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Minister: Susan Shabangu
Deputy Minister: Hendrietta Bogopane-Zulu
Deputy Minister
iconDSD Customer Care Charter iconStudy Report on Children's access to Social Insurance Benefits
South African Government and UNICEF Promote Community-based Care, Parenting and MenCare at Swedish’ Global Solutions Summit to End Violence against Children Print E-mail
Wednesday, 14 February 2018
Pretoria, 14 February 2018 – “Prevention programmes like Isibindi, which involves home visits by trained child and youth care workers to support families with  children at-risk in South Africa, are proven interventions to contribute to violence prevention against children in the country”,  said Ms. Bathabile Dlamini, Minister, Department of Social Development, at the Global Solutions Summit on Violence against Children in Sweden. “In addition, evidence-based parenting programmes such as the Teenage Parenting programme, Sinovuyo, and MenCare Child Care and Protection programme have all shown positive impacts which we hope to scale up in coming years”.

The Summit is being hosted by the Government of Sweden in close cooperation with the Global Partnership to End Violence against Children and We PROTECT Global Alliance with the support and collaboration of the UN Special Representative of the Secretary-General on Violence against Children, as well as relevant UN Agencies, NGOs and private sector actors.

End Violence is a platform that aims to build and strengthen a global movement to end violence against children. Together with 14 other countries in the world, South Africa became a Pathfinder country, on 12 December 2017. Pathfinder countries are expected to implement the following roadmap:

1. Build national leadership and political will;

2. Strengthen collaboration through multi-stakeholder platforms;

3. Accelerate Action by developing and implementation of a national programme of action on violence against children;

4. Communicate the concerted actions as laid down in the national action plan to a broad audience.

Since 2015, Agenda 2030 calls for all countries and stakeholders to come together in a collaborative partnership to implement sustainable development goals to all, especially for the most vulnerable. The Global Partnership to End Violence is convening governments, UN agencies, international organisations, civil society, faith groups, the private sector, philanthropic foundation, researchers, academics and children in order to:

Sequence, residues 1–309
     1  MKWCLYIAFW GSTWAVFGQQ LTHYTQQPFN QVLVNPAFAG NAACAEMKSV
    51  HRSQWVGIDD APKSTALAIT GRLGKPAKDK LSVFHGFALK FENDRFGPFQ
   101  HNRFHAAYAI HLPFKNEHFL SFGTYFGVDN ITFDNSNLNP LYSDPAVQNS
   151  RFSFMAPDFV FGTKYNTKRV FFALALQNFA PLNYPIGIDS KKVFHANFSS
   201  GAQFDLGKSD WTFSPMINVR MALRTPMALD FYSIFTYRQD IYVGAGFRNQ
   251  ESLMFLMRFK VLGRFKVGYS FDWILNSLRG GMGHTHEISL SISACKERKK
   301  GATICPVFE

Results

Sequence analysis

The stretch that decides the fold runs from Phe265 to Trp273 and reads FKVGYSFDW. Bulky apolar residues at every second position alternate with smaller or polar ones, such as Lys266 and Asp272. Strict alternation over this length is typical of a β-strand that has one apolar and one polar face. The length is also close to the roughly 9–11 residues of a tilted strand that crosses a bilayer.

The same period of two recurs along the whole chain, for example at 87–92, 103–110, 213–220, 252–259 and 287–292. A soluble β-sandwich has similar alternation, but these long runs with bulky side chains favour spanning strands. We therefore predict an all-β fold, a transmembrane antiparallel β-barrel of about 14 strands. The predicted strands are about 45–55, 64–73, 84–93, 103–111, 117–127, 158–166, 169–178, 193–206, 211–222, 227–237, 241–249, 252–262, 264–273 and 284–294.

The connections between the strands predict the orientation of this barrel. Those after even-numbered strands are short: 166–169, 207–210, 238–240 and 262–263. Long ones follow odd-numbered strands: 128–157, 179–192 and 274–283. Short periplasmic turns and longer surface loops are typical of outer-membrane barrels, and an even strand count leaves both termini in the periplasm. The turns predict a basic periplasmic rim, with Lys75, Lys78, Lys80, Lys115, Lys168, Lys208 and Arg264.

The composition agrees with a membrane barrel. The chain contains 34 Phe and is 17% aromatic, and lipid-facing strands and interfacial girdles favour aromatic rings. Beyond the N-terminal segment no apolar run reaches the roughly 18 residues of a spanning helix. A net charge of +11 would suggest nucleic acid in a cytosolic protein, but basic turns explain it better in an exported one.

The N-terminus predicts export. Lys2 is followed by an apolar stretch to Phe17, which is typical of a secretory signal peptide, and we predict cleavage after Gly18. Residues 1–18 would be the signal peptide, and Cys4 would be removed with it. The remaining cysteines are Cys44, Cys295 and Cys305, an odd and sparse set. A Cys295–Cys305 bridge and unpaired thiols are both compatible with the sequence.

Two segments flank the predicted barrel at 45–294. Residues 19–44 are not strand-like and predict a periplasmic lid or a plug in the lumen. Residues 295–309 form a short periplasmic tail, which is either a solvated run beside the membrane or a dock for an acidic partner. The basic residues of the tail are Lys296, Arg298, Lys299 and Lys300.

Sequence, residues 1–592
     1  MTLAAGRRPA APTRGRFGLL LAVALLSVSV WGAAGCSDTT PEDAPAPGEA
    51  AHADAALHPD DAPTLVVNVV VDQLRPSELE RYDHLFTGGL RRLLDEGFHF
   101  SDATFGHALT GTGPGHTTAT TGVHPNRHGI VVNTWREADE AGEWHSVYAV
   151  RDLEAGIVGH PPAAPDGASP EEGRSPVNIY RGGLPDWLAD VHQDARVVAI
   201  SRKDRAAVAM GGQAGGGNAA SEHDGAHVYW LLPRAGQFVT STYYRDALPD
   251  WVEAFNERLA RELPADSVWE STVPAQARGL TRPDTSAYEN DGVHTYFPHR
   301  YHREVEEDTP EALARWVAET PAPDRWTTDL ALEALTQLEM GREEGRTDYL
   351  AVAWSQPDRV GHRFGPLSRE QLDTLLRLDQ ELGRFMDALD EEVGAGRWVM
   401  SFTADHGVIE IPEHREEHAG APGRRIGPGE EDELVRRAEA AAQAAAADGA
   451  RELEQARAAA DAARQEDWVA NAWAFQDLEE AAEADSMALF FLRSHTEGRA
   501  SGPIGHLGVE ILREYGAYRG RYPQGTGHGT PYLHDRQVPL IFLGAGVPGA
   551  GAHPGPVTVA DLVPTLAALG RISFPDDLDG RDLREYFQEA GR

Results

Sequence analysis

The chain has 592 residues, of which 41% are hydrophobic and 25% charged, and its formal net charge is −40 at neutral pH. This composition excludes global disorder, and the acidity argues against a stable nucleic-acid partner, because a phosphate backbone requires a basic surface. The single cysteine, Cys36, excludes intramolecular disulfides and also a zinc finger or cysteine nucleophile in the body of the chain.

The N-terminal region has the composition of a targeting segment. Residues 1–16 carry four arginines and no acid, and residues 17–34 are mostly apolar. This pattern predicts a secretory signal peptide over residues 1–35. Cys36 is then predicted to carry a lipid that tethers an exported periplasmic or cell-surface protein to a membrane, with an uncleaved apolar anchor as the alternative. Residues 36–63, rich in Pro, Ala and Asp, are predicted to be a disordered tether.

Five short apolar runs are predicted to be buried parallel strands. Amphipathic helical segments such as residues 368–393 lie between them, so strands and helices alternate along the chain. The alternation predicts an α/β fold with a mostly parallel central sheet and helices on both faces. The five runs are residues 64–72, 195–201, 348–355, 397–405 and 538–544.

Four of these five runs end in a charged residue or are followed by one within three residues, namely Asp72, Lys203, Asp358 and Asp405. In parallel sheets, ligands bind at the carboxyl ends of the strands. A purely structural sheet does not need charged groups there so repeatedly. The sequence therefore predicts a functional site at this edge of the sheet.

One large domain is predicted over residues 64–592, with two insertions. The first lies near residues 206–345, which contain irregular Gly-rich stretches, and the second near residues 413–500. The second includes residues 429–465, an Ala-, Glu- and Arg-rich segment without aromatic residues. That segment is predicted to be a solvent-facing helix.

1. Build and sustain political will to achieve the SDGs, promoting evidence-based strategies that will lead to significant, sustained and measurable reductions in violence against children;

2. Work together with partners to accelerate action to tackle the violence that children face, with an initial focus on countries that wish to lead the global movement to end violence;

3. Strengthen collaboration amongst and between countries and with civil society and other stakeholders. End Violence will work with and supplement the efforts of existing partnerships.

Child protection and care is a key focus of the Government of South Africa and this commitment is best reflected in the significant investments Government is making to ensure the delivery of quality health, education and protection services to children. Yet too many children still experience violence and abuse that can cause lasting physical, mental and emotional harm and inflict on children’s ability to become responsible, self-reliant and productive members of society.

Between 1 in 3 girls and 1 in 5 boys experience some form of violence prior to age 18 and many of them experience repeated and multiple forms of violence, most often by people they are close to and in places where they should feel safe - at home, in their communities and in schools. In disadvantaged communities, children often lack opportunities and safe spaces to learn, play and just enjoy their childhood.

In South Africa, Isibindi – Isibindi means ‘courage’ in Zulu - was designed by South Africa’s National Association of Child and Youth Care Workers, supported by the Department of Social Development and UNICEF. The model involves home visits by 6,700 trained child and youth care workers to support families with children at-risk. This community-based programme aims to provide safety, play and structures for 352,000 children and youth in 400 Safe Parks and drop-in centres. The Isibindi model aims to respond holistically to the needs of children, youth and families who are vulnerable and at risk of abuse, violence, neglect and exploitation. Unemployed community members are screened, selected, trained and deployed as child and youth care workers servicing families in their own communities.

Combatting violence against children demands concerted action from all of us: let’s act now!

About UNICEF

UNICEF promotes the rights and wellbeing of every child, in everything we do. Together with our partners, we work in 190 countries and territories to translate that commitment into practical action, focusing special effort on reaching the most vulnerable and excluded children, to the benefit of all children, everywhere.

For more information about UNICEF and its work for children, visit www.unicef.org/southafrica

Follow UNICEF on Twitter and Facebook

For more information, please contact:

Sandra Bisin, Chief of Communications, UNICEF South Africa, +27 61 418 7486, This e-mail address is being protected from spam bots, you need JavaScript enabled to view it

Sudeshan Reddy, Communication Specialist, UNICEF South Africa, +27 82 561 3970, This e-mail address is being protected from spam bots, you need JavaScript enabled to view it

Bathembu Futshane, Communications, Department of Social Development, South Africa, +27 73 993 9391